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Thoughts at the Confluence of Game Theory and Inciting Action

Friday, June 10, 2011
I've stated before that the Open Yale Game Theory course is a must watch for anyone interested in thinking more strategically about their work, more specifically I think it can help people working in change management or otherwise trying to incite people to action.


Key Concepts: backwards induction, best response and Nash equilibrium

One of the rules of game theory is to put yourself in the other player's shoes. The reasoning that informs the rule is simple: you need to understand how players will react to each others strategies as they interact with one another. Once you understand how each of the other players react you can reason backwards from the end of the game to determine the best course of action moving forward, this process is called backwards induction.

Another important rule in game theory is that players will always play a best response to other players. In other words, players don't generally select sub-optimal strategies on purpose. When every player plays their best response the game has achieved a Nash equilibrium. Colloquially referred to as the point of no regrets, the Nash equilibrium is the point at which every player has done the best they can given the actions of all the players.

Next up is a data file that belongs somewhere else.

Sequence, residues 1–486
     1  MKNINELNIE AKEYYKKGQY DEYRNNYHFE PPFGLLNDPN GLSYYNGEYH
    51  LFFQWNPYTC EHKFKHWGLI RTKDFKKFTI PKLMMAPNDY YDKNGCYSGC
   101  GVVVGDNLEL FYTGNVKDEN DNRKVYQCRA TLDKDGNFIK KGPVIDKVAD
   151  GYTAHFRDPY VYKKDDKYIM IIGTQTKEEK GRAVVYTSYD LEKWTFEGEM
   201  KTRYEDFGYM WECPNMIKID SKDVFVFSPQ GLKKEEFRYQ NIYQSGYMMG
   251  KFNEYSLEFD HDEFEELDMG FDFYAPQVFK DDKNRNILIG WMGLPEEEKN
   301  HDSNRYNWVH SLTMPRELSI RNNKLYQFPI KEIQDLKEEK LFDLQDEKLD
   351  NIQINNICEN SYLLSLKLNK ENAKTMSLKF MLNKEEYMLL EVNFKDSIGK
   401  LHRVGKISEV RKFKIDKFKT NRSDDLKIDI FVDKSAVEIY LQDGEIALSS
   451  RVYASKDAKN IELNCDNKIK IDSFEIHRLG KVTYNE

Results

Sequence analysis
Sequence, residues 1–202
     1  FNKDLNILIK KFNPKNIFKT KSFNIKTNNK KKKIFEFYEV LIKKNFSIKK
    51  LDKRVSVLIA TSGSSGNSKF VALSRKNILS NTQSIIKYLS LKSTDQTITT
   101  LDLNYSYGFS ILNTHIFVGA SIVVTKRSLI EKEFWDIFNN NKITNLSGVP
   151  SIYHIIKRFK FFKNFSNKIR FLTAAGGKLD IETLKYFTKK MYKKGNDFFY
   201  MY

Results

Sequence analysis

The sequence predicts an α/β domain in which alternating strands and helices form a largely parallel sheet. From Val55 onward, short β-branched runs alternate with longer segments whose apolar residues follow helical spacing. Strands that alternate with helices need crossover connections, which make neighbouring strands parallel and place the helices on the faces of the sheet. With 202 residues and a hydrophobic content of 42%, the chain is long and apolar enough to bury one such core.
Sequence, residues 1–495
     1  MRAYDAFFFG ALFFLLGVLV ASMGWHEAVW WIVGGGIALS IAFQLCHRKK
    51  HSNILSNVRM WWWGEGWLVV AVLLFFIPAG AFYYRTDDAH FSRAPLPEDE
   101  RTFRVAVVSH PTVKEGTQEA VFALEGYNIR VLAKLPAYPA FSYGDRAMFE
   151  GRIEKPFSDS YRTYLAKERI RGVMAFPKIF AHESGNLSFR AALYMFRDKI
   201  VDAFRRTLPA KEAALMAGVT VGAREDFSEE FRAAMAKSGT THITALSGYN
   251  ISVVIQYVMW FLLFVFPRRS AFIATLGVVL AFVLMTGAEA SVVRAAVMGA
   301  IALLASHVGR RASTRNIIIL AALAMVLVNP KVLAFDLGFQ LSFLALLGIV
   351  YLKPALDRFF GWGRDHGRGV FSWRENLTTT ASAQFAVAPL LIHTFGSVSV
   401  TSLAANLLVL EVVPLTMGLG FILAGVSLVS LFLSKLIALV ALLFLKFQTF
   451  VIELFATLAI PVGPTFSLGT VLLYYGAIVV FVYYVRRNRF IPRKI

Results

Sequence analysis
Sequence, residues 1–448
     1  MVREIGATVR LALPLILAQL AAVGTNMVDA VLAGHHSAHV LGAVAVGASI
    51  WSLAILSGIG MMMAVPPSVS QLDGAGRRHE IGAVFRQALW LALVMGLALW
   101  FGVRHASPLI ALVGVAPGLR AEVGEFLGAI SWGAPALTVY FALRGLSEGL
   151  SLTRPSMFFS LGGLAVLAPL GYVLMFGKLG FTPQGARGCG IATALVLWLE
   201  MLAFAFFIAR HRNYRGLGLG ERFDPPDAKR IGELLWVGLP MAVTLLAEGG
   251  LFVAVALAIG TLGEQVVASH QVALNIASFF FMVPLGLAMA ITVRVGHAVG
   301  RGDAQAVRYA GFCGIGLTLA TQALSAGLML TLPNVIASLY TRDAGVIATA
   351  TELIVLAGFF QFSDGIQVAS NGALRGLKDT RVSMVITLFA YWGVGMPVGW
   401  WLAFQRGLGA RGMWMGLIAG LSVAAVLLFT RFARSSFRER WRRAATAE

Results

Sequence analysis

The link to inciting action

We could think of the status quo as the current Nash equilibrium, no one seems to have a strong incentive to deviate given the responses of everyone else. Change management then is akin to setting a new Nash equilibrium. Given what I know about game theory, I think it provides a unique insight on how exactly to achieve this:
  1. determine the desired outcome
  2. put yourself in that person's shoes
  3. use backwards induction
  4. determine what would incent others to move towards the desired outcome
  5. amend your own behavior in order to realign the responses of others
The lesson, I think is simple. If you want to incite others to change, you yourself will have to be willing to change, perhaps this is what Gandhi meant when he said, "be the change you want to see in this world".

[image credit: Maia C]


Originally published by Nick Charney at cpsrenewal.ca
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